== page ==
The iPhone 5 has been out for almost a month now and I have had mine for a good three weeks at this point. I wanted to give my impressions and, as usual, spout off a couple of opinions that have come to my mind as the weeks have passed and so many things have been written about in regard to the iPhone 5 features and comments by some technical online sites. Of course, these are my personal reactions and like any matter of opinion, you can take it all for what it’s worth.
I will say flat out that I loved my iPhone 4S. It was a great phone, and with SIRI, it became like a good friend over the year I had it. If you have one or can rather afford it over the iPhone 5, I’d certainly recommend it. It got the job done for me during the time I owned it, and I have no regrets in the world for having upgraded from the 3GS to the 4S.
With that said, however, Simply Cool, is all I can think of when it comes to describing the iPhone 5. It’s noticeably smaller and thinner, and is also faster than the 4S. I practically fell in love with it the moment I opened its package and examined it for the first time. When I had heard it described as being 20 percent thinner and lighter, I really hadn’t been able to imagine that, but trust me when I say that it makes a difference.
Setting up the iPhone 5 went as smooth as silk. I restored the phone from an iCloud backup and also synced the phone to my computer for a few odds and ends I was told needed to be done by way of a direct connection to my Mac. It took less than twenty minutes between the time I turned on the iPhone 5 for the first time and hit the home button three times to start VoiceOver to actually using the phone.Of course, iOS 6 was already installed on the phone, so that wasn’t an issue. It was just so nice to have my apps and settings exactly how they were set up on the 4S, and I took the phone out with me for the day and used it extensively. Here are a couple of observations from that initial use and which have been solidified over the weeks I’ve used the phone.
- • The quality of phone calls seems to be improved. The clarity and reliability of a call seem better than they were on the 4S
- • Applications load faster and screens just seem to come up quicker on the phone to a noticeable extent
- • Even in a protective case, the phone just seems lighter and thinner to the point that it is truly noticeable. It fits perfectly in a belt case that the 4S had been a very tight fit to accommodate.
- • You can fit more icons on a page. If you restored the phone, you will manually have to move apps, but you can fit 5 rows of 5 apps on each screen now.
I don’t know if it was a server issue, but the only “problems” I had was with SIRI at times. There is a bug in iOS 6 in which if you use SIRI to send text messages, you will not get the sound you normally hear when the message is sent. You can bypass this by hitting the home button as soon as you send the message, but if it’s an iMessage, you still will not hear the sound because the message is normally sent so quickly. .
The problem I was having was that SIRI didn’t seem to respond to commands at times or there were lengthy delays in her responses. This was a little frustrating at first, but I was told by a few sources that this might have been caused by server upgrades and maintenance on Apple’s end. Oddly enough, over the last few days, the use of SIRI has improved quite a bit.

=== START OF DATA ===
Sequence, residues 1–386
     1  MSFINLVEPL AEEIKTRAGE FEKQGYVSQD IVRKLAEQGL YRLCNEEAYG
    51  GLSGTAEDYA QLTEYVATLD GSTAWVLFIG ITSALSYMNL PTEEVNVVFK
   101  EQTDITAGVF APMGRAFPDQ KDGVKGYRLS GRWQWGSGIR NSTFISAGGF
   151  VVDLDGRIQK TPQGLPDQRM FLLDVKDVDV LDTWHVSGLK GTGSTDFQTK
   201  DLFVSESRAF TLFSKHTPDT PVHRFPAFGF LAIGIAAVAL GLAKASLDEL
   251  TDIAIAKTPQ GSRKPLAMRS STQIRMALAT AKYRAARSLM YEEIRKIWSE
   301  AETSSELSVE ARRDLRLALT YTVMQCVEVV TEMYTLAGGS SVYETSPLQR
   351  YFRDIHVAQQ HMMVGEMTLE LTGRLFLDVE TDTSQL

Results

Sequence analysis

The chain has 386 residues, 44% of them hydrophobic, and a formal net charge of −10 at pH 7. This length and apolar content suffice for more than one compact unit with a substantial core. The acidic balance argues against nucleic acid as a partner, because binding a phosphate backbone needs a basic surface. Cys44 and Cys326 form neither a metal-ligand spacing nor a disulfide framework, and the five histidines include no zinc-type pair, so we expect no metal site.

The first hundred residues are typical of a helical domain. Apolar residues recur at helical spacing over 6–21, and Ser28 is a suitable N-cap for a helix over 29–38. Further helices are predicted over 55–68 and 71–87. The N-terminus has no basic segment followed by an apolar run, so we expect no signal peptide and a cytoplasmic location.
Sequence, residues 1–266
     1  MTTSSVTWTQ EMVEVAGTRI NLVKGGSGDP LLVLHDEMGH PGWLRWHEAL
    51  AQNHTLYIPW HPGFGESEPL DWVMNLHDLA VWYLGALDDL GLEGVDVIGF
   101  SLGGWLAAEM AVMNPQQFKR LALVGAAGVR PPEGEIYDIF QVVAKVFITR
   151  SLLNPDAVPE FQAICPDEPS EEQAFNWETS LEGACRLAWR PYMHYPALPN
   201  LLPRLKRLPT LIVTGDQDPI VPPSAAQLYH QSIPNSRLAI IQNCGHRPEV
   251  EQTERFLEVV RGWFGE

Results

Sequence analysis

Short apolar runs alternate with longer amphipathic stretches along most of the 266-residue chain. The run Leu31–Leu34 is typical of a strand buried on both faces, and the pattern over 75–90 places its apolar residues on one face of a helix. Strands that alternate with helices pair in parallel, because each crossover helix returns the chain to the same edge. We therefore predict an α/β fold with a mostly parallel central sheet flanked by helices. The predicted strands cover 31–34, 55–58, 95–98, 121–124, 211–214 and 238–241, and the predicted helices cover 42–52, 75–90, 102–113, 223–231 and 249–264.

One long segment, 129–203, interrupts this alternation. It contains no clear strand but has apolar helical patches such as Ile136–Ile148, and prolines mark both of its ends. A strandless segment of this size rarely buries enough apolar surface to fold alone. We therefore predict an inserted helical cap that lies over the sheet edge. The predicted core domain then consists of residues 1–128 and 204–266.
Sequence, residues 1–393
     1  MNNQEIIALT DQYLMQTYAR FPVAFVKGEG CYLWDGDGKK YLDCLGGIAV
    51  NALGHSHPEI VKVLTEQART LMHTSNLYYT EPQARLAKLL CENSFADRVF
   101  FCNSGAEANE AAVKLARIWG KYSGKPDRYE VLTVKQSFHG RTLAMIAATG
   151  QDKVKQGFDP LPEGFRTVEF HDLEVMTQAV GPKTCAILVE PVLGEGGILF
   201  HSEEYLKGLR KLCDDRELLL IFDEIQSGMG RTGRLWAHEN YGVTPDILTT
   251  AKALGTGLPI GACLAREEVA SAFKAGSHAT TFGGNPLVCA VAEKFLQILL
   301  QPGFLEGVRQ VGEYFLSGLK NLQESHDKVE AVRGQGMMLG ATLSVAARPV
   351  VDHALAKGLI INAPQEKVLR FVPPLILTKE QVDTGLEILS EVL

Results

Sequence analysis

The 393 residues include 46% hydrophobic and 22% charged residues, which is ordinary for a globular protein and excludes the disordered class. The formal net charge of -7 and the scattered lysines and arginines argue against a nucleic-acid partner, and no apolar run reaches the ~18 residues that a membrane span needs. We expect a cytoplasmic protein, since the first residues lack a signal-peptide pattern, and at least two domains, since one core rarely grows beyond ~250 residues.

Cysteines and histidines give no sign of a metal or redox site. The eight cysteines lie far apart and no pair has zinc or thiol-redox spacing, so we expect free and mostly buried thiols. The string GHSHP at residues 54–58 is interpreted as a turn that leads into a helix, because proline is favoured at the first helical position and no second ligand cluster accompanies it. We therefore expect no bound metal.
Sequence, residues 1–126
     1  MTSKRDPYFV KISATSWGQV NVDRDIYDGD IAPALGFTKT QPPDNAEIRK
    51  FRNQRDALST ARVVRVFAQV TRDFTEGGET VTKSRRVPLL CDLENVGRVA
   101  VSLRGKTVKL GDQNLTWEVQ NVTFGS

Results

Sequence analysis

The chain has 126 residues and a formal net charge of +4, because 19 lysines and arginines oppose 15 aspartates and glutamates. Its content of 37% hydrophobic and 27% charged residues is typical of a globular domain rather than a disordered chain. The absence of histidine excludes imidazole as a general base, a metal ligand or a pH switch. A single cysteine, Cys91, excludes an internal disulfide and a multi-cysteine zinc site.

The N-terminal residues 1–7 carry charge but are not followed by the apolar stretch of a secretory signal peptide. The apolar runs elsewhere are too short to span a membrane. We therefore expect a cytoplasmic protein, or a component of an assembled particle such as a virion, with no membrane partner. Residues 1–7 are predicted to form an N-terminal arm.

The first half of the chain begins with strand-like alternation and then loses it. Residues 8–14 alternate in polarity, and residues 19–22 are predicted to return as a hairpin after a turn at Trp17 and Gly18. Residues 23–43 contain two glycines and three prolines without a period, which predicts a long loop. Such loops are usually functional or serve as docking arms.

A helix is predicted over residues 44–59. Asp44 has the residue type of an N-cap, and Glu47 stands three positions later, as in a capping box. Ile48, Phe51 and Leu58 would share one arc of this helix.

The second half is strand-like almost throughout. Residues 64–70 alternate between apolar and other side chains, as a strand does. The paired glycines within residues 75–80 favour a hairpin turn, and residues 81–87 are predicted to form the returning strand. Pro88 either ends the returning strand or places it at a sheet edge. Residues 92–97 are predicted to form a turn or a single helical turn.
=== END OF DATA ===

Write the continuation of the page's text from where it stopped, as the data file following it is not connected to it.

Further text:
The Maps Flap
I’m not going to debate anyone on the realities of what exactly was wrong with the new Apple Maps app. My personal opinion is that there were certainly problems with the new maps, but I believe that most of the flap was simply the typical media bias of being overly critical when it comes to Apple. In other words, it was probably a fire on the stove that gets turned into a 3 alarm fire by the time it is described by someone ten people removed from the original story. Beyond that, Apple has been fixing the problems behind the scenes, and I have no doubts that it will completely go away by next year.
In any event, I have taken the Maps app out for a spin 3 times now with turn by turn directions. This has been to 3 different locations on Long Island and not exactly “popular” destinations either. I will confess that I was expecting things not to go well, as I fell into believing the nonsense I had been reading about. Fortunately, I discovered that the turn by turn directions basically kicked but.
First of all, alternative routes were offered each time, and, if I was in the application itself, I could choose the one I preferred. If I used SIRI for “directions to Heckscer State Park”, the most direct route was chosen by default. The thing is, running along side a store bought GPS device in a car, the Maps app turn by turn directions worked perfectly all three times I used them. Not a bad turn or a missing street or anything out of the ordinary was noticed by me or the person driving. I was plainly impressed with the experiences.
Now, I know someone will come along and make claims about how the Maps app couldn’t find this or that place or led them to the Mines of Moria when they were trying to get to Gondor. I have no doubts there were and are still issues, so please don’t waste my time of having to respond to you. I am simply pointing out that I had no problems when I used the turn by turn directions, and you can take that however you like for what it’s worth.